Irish graduates enjoy the highest income return from their degrees of all member states in the OECD, a conference on third-level funding has heard.
Someone with higher education in Ireland earns about €350,000 more over the course of their lifetime than a student whose education ended at secondary level, Patricia Mangeol, a senior education official with the OECD, said.
The net return to the State through higher taxation is about €220,000 per graduate, which is the highest return of all the member states and double the OECD average, according to Ms Mangeol.
The OECD figures were presented at a conference of the Irish Universities Association, which heard from stakeholders in Ireland, as well as overseas experts, on the funding challenge facing the sector here.
Speaking at the conference, Minister for Education and Skills Jan O’Sullivan rejected claims that the creation of a working group on sustainability was just a ploy to push a decision on fees beyond the next general election.
“No, that’s not true. The group was set up in order to give the appropriate amount of consideration to this very important issue.”
She said her predecessor Ruairí Quinn had brought “clarity around the student contribution”, giving a time frame for increases and “the last raise in the amount” was coming in 2015/16 bringing the charge to €3,000.
“I have no problem making decisions, but I do want to make sure that we get a well thought-through report that has consulted very widely in the sector. But, no, we are not kicking it to touch.”
The Minister also rejected claims from universities that they were over-regulated, adding that she planned to proceed with the Universities Bill – which would tighten controls on pay and remuneration – despite their opposition.
“It’s not the first piece of legislation but it is still on the agenda, and I do think it’s important that we have appropriate controls with regard to these matters. We have them in other sectors, and it is part of Government policy that we control public spending.”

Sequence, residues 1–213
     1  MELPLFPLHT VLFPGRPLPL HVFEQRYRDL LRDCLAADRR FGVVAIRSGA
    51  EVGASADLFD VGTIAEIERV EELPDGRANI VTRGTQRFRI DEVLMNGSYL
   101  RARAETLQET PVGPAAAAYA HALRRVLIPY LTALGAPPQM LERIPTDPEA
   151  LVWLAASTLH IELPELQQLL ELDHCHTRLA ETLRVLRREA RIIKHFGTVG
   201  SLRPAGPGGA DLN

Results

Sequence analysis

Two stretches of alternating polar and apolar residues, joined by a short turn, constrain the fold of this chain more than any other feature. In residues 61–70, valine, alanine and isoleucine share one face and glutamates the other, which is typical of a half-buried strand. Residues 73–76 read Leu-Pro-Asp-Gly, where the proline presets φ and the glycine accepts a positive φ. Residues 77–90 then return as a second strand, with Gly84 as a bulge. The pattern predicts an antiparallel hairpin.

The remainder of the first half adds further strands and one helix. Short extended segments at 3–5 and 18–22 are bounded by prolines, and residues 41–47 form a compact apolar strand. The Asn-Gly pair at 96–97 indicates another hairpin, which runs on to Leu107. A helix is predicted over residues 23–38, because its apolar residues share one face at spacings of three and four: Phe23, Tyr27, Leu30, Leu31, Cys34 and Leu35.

Explaining the relatively high return for third-level education here, Ms Mangeol said it was a product of the comparatively low unemployment rate for graduates – 7 per cent versus 20 per cent among school-leavers – and the relatively low cost of studying here by international standards.
The data from Ireland and elsewhere showed that people with tertiary education – namely higher or further education – “still fare better”.
While there was a “strong suspicion of underemployment” among graduates, pointing to the need for a greater focus on apprenticeships, this had yet to come through the data, Ms Mangeol added.
The conference heard that only 20 per cent of higher education funding in Ireland comes from private sources, and this was well below most countries although not those in Scandinavia where the sector is almost entirely state-funded.
Referring to this imbalance, Art Hauptman, a Washington-based public policy consultant, said it was not feasible for the exchequer to cover the cost of the increasing number of students entering the system.
“The public can fund a 30 to 40 per cent participation rate but it cannot fund 60 to 70 per cent,” and he said incentives for private funding should be introduced.